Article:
The groundwork for these improvements in the body’s raw material are initiated through the increases in actin and myosin (the tension generating units of muscle tissue), which are major constituents in force and power production. Strength training initiates the proliferation of actin and myosin, while concurrently magnifying the stability of tendons, ligaments, and other cellular variants of connective tissue.

Running parallel with these histological upgrades are the neural adaptations that, especially in the early phase of resistance training, are key components in both the strength and lifting skill improvements. This aggregate of neuromuscular implications is vast, but the elements of “excitory” and “inhibitory” messages are the ones deserving mention here. Excitory messages, as the word implies, force our muscles into action. Inhibitory messages act to hold us back and, in some cases, serve to protect us.

Example: If we are not physically capable or prepared to lift a heavy object, a neural message is sent to the involved musculature to relax, thus prohibiting the continuation of the action and risking injury.

As the athlete becomes stronger and more neurologically efficient, these inhibitory messages are gradually abated. The results include a higher proficiency in recruiting muscle fibers and eventually mastering the specific lifting skill. The latter point is critical, as the immediate improvements that are noted in the early phase of the training program – especially with novice trainees – is due in large part to lifting skill improvements.

Gradual stimulation of the musculature with progressively more difficult workloads reduces the inhibitory impulses picked-up by the sensory receptors that monitor changes in muscle length. The result: An improved economy of muscle fiber firing and greater power output. This is known as motor unit “synchronization,” and it is a major player in the strength and power game plan. Motor unit synchronization enhances the rate of force development, i.e., the speed with which a lifting movement or athletic skill is performed.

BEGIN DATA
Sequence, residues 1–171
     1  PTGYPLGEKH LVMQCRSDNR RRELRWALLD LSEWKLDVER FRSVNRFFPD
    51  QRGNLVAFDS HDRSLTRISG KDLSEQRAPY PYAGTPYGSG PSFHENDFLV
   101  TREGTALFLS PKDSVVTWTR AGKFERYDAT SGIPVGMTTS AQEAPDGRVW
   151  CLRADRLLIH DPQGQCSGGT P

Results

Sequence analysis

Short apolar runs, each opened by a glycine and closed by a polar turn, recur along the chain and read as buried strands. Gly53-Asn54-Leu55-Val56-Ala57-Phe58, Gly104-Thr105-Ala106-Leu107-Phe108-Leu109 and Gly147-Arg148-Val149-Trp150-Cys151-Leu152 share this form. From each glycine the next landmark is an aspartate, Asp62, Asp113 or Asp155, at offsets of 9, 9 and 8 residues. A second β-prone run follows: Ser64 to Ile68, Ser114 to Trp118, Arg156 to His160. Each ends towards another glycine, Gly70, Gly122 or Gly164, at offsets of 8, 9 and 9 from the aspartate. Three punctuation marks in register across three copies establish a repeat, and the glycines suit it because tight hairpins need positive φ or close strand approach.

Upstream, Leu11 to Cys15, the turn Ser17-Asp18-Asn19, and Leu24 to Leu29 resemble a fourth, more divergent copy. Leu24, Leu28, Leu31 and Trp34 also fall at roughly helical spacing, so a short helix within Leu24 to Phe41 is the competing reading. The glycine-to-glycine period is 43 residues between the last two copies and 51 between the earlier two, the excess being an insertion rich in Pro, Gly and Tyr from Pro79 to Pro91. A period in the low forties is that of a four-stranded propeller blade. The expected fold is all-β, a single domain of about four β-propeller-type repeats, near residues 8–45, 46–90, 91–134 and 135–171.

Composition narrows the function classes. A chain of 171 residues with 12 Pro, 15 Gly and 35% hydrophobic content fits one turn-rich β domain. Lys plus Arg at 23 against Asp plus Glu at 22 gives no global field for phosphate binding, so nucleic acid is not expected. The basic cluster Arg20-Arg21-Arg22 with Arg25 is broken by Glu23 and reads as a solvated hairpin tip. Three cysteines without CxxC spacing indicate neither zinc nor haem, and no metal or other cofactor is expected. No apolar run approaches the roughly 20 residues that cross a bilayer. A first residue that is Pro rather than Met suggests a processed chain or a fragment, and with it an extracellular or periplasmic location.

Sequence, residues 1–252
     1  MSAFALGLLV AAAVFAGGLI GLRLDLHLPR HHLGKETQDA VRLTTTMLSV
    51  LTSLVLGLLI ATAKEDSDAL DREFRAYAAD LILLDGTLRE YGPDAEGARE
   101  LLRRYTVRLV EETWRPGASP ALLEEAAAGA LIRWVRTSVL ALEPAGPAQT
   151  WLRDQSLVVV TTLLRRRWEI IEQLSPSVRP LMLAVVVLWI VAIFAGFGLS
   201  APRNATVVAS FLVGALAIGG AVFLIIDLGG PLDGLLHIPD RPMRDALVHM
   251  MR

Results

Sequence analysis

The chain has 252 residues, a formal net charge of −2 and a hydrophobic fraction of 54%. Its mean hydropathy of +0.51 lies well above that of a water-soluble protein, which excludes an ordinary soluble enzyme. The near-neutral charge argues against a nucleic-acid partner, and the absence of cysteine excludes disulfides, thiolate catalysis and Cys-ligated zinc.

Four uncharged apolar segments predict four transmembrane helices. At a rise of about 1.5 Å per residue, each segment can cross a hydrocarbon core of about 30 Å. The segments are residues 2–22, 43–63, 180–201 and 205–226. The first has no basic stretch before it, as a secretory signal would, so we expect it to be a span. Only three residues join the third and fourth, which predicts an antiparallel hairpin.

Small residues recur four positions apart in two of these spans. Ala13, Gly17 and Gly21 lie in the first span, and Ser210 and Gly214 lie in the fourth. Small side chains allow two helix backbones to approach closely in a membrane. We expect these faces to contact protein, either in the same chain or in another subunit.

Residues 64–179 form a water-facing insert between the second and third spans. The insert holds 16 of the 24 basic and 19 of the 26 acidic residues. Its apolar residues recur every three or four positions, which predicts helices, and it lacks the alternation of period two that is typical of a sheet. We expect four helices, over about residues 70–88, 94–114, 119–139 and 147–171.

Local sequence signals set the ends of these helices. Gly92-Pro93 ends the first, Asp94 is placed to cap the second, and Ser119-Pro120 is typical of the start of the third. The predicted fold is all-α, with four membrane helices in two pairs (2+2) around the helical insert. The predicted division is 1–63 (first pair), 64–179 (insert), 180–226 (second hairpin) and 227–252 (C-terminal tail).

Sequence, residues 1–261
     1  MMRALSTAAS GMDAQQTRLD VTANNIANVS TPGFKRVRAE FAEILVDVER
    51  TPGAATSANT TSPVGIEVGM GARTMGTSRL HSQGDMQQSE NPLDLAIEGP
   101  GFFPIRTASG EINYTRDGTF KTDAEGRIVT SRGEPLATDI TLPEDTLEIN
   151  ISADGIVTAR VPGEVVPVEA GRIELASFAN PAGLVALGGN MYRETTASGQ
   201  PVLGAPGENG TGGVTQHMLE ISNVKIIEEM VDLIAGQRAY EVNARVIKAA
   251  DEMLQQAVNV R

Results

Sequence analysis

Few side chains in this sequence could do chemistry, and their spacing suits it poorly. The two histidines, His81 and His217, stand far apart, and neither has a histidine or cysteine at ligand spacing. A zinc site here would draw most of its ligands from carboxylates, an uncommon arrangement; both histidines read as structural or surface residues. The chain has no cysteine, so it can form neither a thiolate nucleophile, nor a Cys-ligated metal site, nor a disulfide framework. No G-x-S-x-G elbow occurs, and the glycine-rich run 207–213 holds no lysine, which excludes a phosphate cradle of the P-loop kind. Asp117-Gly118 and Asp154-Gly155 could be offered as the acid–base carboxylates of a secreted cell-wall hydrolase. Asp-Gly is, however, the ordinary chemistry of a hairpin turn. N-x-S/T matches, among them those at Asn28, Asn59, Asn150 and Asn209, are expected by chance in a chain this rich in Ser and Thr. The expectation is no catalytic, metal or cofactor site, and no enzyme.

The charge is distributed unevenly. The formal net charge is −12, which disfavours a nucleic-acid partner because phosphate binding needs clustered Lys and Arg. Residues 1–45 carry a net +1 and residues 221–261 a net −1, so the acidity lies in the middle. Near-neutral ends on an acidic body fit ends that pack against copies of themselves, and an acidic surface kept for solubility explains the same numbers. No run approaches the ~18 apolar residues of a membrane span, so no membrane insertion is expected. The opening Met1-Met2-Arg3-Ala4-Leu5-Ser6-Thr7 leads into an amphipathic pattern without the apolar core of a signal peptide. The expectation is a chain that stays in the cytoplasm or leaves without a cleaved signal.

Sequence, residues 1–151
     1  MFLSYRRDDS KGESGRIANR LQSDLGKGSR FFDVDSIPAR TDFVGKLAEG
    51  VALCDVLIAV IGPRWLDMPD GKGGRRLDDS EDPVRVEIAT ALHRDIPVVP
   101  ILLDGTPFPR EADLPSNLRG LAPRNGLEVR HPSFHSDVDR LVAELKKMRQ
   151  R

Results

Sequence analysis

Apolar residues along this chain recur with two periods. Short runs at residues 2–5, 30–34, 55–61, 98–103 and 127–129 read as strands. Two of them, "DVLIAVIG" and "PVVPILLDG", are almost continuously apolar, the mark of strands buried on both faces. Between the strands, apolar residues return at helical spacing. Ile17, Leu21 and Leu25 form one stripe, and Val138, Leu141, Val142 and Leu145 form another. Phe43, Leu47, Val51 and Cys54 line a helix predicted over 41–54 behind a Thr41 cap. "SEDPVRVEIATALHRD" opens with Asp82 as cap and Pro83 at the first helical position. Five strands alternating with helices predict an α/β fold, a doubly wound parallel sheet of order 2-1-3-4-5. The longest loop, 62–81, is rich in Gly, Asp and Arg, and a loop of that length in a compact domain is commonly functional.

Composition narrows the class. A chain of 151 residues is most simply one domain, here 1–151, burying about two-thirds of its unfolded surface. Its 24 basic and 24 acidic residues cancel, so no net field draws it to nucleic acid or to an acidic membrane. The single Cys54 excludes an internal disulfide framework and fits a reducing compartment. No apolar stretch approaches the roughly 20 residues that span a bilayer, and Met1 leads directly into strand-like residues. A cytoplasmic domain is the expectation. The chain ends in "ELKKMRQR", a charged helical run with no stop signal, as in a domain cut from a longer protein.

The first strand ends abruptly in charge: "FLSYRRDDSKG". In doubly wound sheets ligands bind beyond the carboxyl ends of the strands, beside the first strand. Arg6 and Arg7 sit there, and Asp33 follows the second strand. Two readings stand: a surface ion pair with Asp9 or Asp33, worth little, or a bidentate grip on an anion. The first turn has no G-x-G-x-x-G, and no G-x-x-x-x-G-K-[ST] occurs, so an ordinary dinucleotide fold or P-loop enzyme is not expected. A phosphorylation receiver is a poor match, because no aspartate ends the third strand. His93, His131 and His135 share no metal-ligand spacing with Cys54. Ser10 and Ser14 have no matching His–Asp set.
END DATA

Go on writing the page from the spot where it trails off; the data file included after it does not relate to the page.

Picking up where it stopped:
Slow Twitch, Fast Twitch, and Power Output

Our muscle tissue is comprised of a spectrum of fibers that have varying endurance and force generating characteristics.
There is ongoing discussion, research, and speculation on the extent of this spectrum and in defining a compartmentalized classification of fiber types.

For this discussion, we will simply refer to them as slow twitch (ST) or fast twitch (FT) fibers.

Muscle fibers are recruited (i.e., called upon from a cadre of neural pathways to perform a task) according to what is known as the “size principle of motor unit recruitment.” The activation is initiated with the ST fibers, which are smaller, and incrementally advanced to the FT fibers, which are larger.

Initially, if the force requirements are low, the ST fibers are more than capable of handling the load, regardless of the speed of movement (i.e., “explosive,” or more controlled).

As the force requirements are heightened to a level where the ST fibers can no longer sustain the effort, the FT fibers are activated to continue the task.

FT fibers generate more force and can do so in a shorter period of time than ST fibers. However, keep in mind that the key precept in FT activation is the force requirement, not necessarily the speed of movement.

In terms of strength training movements, it may be your preference to lift relatively light to moderate loads in a fast manner due to your background or as predicated by the chosen exercises. Even so, you would be well-served, in my opinion, to insert workouts now and then that require moderate to heavy loads performed with the “intent” to move fast on the raising (positive) phase, and purposely controlled on the lowering (negative) phase.